Ousted Yerevan mayor to challenge ruling party in City Council vote

8 August 2023
Former Yerevan mayor Hayk Marutyan. Image via Facebook.

Yerevan’s ex-mayor Hayk Marutyan has officially announced his intent to run for mayor again in the September City Council elections. He was ousted in December 2021 for ‘disloyalty’ to the ruling party.

Marutyan announced his election bid in a video published on his Facebook page on Tuesday.

‘There cannot be personal happiness when your community and the country are unhappy’, Marutyan said in his announcement video, questioning the governance and the transparency of the Yerevan Municipality.

Marutyan, an erstwhile ally of Prime Minister Nikol Pashinyan, said that the government had failed to achieve any of the goals it set during the 2018 revolution.

The Civil Contract-controlled City Council passed a vote of no confidence in him in December 2021, removing him as mayor.

Closing off his announcement, Marutyan urged the residents of the capital not to ‘allow random people to decide the fate of Yerevan’.

In order to be reelected mayor, Marutyan would have to secure the votes of a majority on the City Council. RFE/RL cited a member of his team as saying he would lead the list of the opposition National Progress Party in the council elections, a party founded by a group of activists in 2018.


Marutyan, originally a writer and comedian, came to power as mayor of Yerevan after the 2018 Velvet revolution, securing a landslide victory in the municipal elections of that year with 81% of the votes.

While Marutyan enjoyed popularity amongst his constituents, the former mayor often found himself at odds with the ruling Civil Contract party. Marutyan has claimed that members of the party had requested ‘illegal construction permits’, which he turned down.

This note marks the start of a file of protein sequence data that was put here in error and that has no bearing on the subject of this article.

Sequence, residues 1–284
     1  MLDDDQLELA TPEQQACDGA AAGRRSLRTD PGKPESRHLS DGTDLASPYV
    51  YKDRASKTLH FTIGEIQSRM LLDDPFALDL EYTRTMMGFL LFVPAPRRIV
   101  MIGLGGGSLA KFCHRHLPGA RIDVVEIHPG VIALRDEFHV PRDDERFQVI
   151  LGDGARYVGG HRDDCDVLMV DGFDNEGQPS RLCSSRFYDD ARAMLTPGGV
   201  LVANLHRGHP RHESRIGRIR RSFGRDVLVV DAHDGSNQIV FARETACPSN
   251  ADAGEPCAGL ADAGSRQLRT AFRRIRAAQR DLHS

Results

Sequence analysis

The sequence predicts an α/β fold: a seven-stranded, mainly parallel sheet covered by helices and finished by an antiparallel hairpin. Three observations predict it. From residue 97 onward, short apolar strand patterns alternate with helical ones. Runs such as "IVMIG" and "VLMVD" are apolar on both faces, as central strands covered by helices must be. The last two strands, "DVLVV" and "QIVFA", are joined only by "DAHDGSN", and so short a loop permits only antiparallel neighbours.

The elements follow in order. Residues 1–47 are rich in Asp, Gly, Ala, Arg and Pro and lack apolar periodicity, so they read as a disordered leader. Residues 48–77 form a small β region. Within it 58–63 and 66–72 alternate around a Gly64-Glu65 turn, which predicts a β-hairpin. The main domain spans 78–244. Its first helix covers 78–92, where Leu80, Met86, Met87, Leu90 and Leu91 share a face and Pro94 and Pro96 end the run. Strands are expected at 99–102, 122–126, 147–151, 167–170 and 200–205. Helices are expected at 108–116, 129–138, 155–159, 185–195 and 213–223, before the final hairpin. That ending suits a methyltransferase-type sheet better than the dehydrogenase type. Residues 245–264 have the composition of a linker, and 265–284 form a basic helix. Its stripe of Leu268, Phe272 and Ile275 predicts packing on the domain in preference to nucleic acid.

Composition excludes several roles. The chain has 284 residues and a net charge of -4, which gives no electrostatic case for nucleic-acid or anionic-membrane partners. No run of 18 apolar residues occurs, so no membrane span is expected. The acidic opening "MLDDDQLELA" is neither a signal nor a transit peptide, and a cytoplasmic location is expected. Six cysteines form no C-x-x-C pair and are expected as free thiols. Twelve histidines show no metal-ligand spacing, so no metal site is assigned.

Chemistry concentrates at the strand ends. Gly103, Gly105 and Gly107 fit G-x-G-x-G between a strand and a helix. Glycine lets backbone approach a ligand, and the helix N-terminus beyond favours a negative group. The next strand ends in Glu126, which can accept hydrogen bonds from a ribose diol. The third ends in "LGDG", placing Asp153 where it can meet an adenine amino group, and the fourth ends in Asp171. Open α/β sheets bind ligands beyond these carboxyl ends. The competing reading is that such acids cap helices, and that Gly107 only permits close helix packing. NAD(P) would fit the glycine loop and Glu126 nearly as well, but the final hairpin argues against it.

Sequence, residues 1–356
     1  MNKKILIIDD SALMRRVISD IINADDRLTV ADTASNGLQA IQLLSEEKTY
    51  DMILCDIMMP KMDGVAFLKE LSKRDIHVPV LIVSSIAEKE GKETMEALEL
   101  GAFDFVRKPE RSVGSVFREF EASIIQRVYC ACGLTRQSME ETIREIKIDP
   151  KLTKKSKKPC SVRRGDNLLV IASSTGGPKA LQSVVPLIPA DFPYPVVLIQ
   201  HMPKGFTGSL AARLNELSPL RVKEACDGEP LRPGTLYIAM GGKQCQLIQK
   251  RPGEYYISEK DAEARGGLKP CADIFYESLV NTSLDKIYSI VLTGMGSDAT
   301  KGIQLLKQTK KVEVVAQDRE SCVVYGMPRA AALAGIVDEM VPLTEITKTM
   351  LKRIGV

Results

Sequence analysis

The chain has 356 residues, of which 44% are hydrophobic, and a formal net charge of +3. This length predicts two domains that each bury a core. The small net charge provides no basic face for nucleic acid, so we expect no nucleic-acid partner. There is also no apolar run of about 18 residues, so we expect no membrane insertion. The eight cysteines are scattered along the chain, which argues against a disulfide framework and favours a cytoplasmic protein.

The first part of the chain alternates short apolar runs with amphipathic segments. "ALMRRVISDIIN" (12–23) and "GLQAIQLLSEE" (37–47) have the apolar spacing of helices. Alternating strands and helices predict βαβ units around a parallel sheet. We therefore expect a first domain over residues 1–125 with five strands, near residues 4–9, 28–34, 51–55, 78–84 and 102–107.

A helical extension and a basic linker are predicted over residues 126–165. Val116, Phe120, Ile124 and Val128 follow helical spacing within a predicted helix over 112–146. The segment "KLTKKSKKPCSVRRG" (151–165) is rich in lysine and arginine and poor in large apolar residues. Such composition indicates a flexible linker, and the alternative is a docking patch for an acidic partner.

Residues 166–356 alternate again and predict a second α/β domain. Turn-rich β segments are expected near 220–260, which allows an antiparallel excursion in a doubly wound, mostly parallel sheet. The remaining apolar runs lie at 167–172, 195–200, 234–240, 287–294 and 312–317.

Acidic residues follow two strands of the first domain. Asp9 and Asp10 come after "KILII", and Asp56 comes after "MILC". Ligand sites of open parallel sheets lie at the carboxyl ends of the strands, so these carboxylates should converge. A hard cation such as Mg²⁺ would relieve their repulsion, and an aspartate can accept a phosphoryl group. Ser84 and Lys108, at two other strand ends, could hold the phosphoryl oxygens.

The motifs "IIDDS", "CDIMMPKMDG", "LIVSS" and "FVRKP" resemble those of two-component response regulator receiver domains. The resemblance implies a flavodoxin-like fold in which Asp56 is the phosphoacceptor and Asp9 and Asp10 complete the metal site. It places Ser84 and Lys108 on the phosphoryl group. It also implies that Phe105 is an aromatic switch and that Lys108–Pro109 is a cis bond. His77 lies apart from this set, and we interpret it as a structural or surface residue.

Marutyan formally left the ruling party before his ouster, citing an ‘abuse of power’ by his fellow party members.

While Civil Contract denies Marutyan’s allegations, some of its members confirmed that the party and Marutyan were at odds.

Marutyan also accused the ruling party of attempting to ‘privatise’ the revolution, adding that the people had ‘voted for the revolution, not for the [Civil Contract] party’ in 2018.

In response, the ruling party accused Marutyan of ‘non-adherence to the party’s municipal electoral programme and of not fulfilling the “mission” to “eliminate systemic corruption in Yerevan”’.

[Read more: Ruling party to oust ‘disloyal’ Yerevan mayor]

After his removal, Marutyan returned to the stage with a solo comedy show titled The Mayor, based on his tenure as mayor of Yerevan.

Before the show premiered in September 2022, Armenia’s Anti-Corruption Committee announced that it was investigating allegedly illegal construction permits handed out during Marutyan’s tenure as mayor. No further updates have been made since.

Marutyan was immediately succeeded by Hrachya Sargsyan, who in March stepped down from his post in preparation for the upcoming mayoral elections.

Tigran Avinyan, a close ally of Pashinyan’s and a former deputy prime minister, is currently Yerevan’s interim mayor.

The race to City Hall

With a population of over one million people — nearly half of Armenia’s population — Yerevan’s upcoming municipal elections on 17  September are expected to be highly competitive and indicative of the public’s attitude towards the ruling party and Pashinyan’s government.

The municipal elections in Yerevan are also expected to be the biggest elections Armenia has seen since the parliamentary elections of June 2021, which saw the ruling Civil Contract party facing off with the Armenia Alliance — a block formed around former president Robert Khocharyan.

Commentators have speculated that Marutyan could pose a real challenge to the ruling party amidst Pashinyan’s shrinking reputation, with some even arguing he was initially ousted because he was seen as a ‘threat’ to Civil Contract.

Marutyan began his political career as an ally of Prime Minister Nikol Pashinyan, before turning against the party.

‘If the ruling party wins, they will continue centralising power in Armenia. If Marutyan wins, it will be a huge blow to Pashinyan and a big win for democracy in Armenia’, Tigran Grigoryan, the head of Regional Center for Democracy and Security, wrote on Twitter.

Marutyan is set to face off with interim mayor Tigran Avinyan from Civil Contract, Mane Tandilyan, the chair of the Country of Living party, and Davit Khazhakyan from the Bright Armenia party.